Surprise, surprise, the audio design here is also flawless with the cinematic and ambient music kicking in exactly when it needs too or falling into the background, accentuating every scene you and Quill find yourselves in. Morla Gorrondona is back as the narrator and sole voice actor and I loved her work in the first game and in here, she goes above and beyond playing even more characters in bedtime story type fashion. I can’t stress enough how much I appreciate the use of a single actor to play so many roles, and the fact she delivers them all with satisfying and believable emotion is a testament to her skills. 3D audio is also present and amazing though once again, it’s use can be subtle as the action takes place largely in front of the player, but when I noticed it, it added yet another layer of depth to this fantasy tale.
I love Moss Book 2 as it really improves upon the previous game in every way while still staying true the gameplay and story that made the 1st one an instant classic. Thanks to the touch controllers, the players interactions with the world are substantially easier than trying to constantly keep my DS4 in line with the PS4 camera, making the Quest 2 version play much smoother than the PSVR one. This is doubly so as you now have 2 hands instead of one, meaning you can now multi-task, using quills abilities while stunning foes at the same time, a task that was much harder to pull off on the PSVR. The 1st hour in Book 2 will have many thinking it is little more than paint-by-numbers sequel but once the new weapons and abilities start to show up, I realized just how much more game there is here. My 1st run took just over 6 hours and I still missed some collectibles meaning I’ll have to dive back in to find them all extending game time a little more. Also, some of the solutions I stumbled across for the puzzles in the latter half of the game seemed to be more fluke than the actual solution and while that may be by design, it still felt like I had cheated the game in some way but there were never any repercussions after those instances and the game played as normal so maybe it’s just me. Lastly would be the simplistic combat, which has carried over from the 1st game and while new enemy types and abilities do mix up these encounters a little, the combat is still pretty samey, though the pacing balances puzzles and encounters quite nicely so I was never really fatigued by killing more of the mini-robot horde. Those small problems aside, Book 2 is bigger and better than the 1st game by a significant margin, fulfilling it’s promise as a true sequel and one of the best VR games ever made.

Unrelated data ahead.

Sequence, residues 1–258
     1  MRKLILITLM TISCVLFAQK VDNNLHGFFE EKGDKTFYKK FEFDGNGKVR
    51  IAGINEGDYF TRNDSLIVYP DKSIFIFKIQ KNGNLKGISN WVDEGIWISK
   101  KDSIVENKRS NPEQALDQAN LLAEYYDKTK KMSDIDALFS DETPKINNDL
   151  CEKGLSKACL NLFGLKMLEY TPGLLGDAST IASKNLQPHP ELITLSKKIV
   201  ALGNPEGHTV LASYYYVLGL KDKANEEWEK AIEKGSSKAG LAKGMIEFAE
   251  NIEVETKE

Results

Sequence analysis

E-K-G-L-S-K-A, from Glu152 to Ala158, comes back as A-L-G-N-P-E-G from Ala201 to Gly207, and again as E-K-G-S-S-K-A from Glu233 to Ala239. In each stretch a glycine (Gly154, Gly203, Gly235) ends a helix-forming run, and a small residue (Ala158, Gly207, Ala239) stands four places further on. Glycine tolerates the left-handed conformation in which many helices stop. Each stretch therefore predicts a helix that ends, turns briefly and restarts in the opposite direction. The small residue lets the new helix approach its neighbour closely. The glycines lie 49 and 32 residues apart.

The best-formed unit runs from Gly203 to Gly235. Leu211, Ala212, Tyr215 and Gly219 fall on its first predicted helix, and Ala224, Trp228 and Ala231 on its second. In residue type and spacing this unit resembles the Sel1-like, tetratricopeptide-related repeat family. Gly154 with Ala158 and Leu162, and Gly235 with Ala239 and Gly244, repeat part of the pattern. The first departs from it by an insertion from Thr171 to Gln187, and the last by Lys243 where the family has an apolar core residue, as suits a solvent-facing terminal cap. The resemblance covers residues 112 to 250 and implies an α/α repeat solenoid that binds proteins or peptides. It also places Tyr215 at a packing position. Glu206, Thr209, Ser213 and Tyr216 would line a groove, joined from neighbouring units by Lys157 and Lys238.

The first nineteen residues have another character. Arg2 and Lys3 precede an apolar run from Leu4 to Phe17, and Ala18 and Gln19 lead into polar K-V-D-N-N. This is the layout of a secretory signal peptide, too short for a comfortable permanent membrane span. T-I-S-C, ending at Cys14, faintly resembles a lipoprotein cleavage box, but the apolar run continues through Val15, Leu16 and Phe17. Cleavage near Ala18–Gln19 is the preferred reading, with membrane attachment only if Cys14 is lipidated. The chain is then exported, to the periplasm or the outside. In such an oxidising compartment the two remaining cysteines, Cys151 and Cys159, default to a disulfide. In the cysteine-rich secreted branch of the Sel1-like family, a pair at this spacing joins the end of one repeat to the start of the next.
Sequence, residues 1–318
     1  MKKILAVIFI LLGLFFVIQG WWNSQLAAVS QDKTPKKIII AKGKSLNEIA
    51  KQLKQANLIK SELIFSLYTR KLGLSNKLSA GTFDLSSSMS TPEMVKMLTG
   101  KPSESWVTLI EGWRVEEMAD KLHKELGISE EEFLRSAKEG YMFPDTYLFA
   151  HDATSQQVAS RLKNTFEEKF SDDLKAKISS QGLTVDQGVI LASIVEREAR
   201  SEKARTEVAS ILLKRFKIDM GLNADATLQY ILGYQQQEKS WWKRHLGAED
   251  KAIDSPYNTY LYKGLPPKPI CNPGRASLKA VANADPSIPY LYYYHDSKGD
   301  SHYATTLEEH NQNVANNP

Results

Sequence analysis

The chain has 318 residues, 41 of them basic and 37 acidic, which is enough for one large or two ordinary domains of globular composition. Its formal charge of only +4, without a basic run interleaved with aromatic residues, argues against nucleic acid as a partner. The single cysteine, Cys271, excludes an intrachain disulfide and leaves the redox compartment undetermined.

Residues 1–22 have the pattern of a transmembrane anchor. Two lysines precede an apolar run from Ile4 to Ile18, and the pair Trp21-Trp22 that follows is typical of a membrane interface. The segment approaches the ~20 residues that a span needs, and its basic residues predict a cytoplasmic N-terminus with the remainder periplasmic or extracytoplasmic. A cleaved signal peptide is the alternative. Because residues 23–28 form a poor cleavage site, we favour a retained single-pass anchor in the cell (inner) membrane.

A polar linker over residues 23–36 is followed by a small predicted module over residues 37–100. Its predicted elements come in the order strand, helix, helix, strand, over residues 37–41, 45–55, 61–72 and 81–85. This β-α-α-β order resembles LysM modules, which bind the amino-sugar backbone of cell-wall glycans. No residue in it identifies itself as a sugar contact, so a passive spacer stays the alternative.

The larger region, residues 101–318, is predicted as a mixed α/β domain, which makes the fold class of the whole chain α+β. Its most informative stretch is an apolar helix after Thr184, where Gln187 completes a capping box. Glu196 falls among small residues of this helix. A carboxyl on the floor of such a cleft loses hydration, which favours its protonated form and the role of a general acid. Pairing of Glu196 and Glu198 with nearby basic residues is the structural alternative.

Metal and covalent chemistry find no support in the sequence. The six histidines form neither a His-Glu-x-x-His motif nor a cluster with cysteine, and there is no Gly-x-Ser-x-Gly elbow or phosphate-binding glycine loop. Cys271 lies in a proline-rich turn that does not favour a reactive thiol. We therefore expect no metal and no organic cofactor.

If you loved Book 1, you’ll love Book2, it’s just that simple. With this sequel, the Moss franchise has established itself as one the best you can play in VR and a title non-VR fan should be jealous they can’t play. It’s a beautiful game unlike any other with charming characters, an engrossing narrative and some the most endearing story telling you can get in modern gaming. If you love VR than you owe it to yourself to play Book 2…just make sure you play Book 1 first.
What would I pay? So, this is $40 US and I guarantee some people will cry foul, but I won’t. With a 6+ hour campaign built around an amazing world with clever puzzles and a multitude of combat options and mechanics, it’s totally worth that price! Book 2 delivers everything I wanted and more out of a sequel and I enjoyed every minute I spent in my return to the world of Moss.
Polyarc provide The VR Grid with a press copy of this game and, regardless of this review, we thank them for that!